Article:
The DUP’s dream must be that it carries its signed wishlist triumphantly home, perhaps even earning a grudging respect from political opponents when the fruits of an anti-austerity and infrastructure deal ripen into the communal benefits of upgraded hospitals, schools and roads. There is some justification in the argument that Northern Ireland’s infrastructure has indeed yet to recover from the grim days when Jeremy Corbyn’s pals and the loyalist paramilitaries between them routinely wrecked the place.
The need for cash is particularly pressing as Northern Ireland was locked into a series of crippling PFI contracts in the Noughties, with payments currently running at £260 million a year. One of the most grotesque, for example, was signed off in 2005 under direct rule by the Labour minister Barry Gardiner. Under this doozy, a body called Invest NI committed to paying developers £120 million over 25 years for a plush office building that included catering and cleaning – but bafflingly agreed that at the end of that period, the taxpayer would still not own a single brick of the building.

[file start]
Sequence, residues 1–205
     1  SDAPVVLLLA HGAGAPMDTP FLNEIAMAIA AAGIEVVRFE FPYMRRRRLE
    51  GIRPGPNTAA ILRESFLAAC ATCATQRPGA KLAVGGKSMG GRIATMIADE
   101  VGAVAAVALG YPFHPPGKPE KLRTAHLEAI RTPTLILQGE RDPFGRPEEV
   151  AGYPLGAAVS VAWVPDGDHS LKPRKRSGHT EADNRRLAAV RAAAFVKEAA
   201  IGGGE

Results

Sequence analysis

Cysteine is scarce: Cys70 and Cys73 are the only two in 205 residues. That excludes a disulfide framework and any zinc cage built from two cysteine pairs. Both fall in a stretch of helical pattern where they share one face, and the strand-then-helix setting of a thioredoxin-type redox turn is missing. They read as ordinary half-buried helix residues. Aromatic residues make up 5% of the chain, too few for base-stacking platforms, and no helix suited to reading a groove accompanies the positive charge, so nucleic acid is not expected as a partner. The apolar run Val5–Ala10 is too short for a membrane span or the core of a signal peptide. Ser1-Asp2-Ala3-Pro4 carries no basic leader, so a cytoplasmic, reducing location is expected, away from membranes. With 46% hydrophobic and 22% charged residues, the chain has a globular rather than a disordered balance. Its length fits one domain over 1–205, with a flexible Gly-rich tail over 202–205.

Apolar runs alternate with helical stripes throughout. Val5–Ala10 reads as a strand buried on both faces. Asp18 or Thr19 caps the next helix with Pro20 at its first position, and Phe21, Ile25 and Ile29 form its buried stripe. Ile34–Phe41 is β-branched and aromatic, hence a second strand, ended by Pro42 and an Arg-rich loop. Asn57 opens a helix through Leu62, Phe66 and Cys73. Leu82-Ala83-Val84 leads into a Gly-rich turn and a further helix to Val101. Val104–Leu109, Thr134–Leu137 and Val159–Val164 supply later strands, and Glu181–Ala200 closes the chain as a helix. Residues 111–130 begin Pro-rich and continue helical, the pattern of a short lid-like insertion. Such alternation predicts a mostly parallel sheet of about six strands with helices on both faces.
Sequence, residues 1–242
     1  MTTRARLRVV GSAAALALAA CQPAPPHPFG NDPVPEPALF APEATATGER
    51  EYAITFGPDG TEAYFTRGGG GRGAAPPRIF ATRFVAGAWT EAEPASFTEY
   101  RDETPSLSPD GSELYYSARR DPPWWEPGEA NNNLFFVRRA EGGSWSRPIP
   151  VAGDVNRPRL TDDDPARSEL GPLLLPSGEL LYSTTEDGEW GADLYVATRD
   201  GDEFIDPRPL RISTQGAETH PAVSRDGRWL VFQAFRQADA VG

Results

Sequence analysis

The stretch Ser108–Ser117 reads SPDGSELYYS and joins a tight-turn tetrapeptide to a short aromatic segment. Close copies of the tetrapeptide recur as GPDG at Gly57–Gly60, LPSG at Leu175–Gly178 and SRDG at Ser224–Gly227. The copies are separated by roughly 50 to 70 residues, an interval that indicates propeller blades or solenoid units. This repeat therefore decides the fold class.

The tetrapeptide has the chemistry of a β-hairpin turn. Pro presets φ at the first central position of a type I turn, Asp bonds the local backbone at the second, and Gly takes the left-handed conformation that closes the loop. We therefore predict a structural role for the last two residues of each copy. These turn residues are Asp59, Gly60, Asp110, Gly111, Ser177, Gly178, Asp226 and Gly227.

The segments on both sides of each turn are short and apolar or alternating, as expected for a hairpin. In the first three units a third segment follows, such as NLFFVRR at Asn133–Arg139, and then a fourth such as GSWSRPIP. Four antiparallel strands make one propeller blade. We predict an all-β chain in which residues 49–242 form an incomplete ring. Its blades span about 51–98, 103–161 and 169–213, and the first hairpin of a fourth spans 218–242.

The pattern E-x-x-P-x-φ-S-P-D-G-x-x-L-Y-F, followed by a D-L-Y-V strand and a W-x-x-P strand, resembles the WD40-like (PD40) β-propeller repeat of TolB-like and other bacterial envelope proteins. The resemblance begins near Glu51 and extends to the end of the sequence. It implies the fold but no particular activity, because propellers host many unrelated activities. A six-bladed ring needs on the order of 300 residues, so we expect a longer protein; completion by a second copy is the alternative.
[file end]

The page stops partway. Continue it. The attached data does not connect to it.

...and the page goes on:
Yet while a flashy Northern Ireland pay-off might well entrench the party’s success in its fiefdom, it could also sow tension for May in the wider United Kingdom, irking Scotland, Wales and English taxpayers too. I’m not sure how much that perturbs the DUP – perhaps, if it looked up from the small print, the intensity of the London media vitriol that has been poured on its head might give it pause for thought about the possibility of national cohesion.
The level of vitriol has been disturbing even to those of us from Northern Ireland who are both wary of the DUP’s social conservatism and familiar with its flaws: the Paisleyite inheritance, the party’s dwindling rump of religious fundamentalists and creationists, the energetic self-interest and intermittent financial scandals. But the ecstasies of liberal piety and fury in the British press at any potential deal with the DUP – the sort of deal that Labour sought in 2010 – have gone beyond normal political criticism and plunged into outright hypocrisy and untruths. It was as if – hemmed in by correctness on all sides – many, mainly English, pundits were finally relishing the unleashing of fire on people they could feel really pious about hating.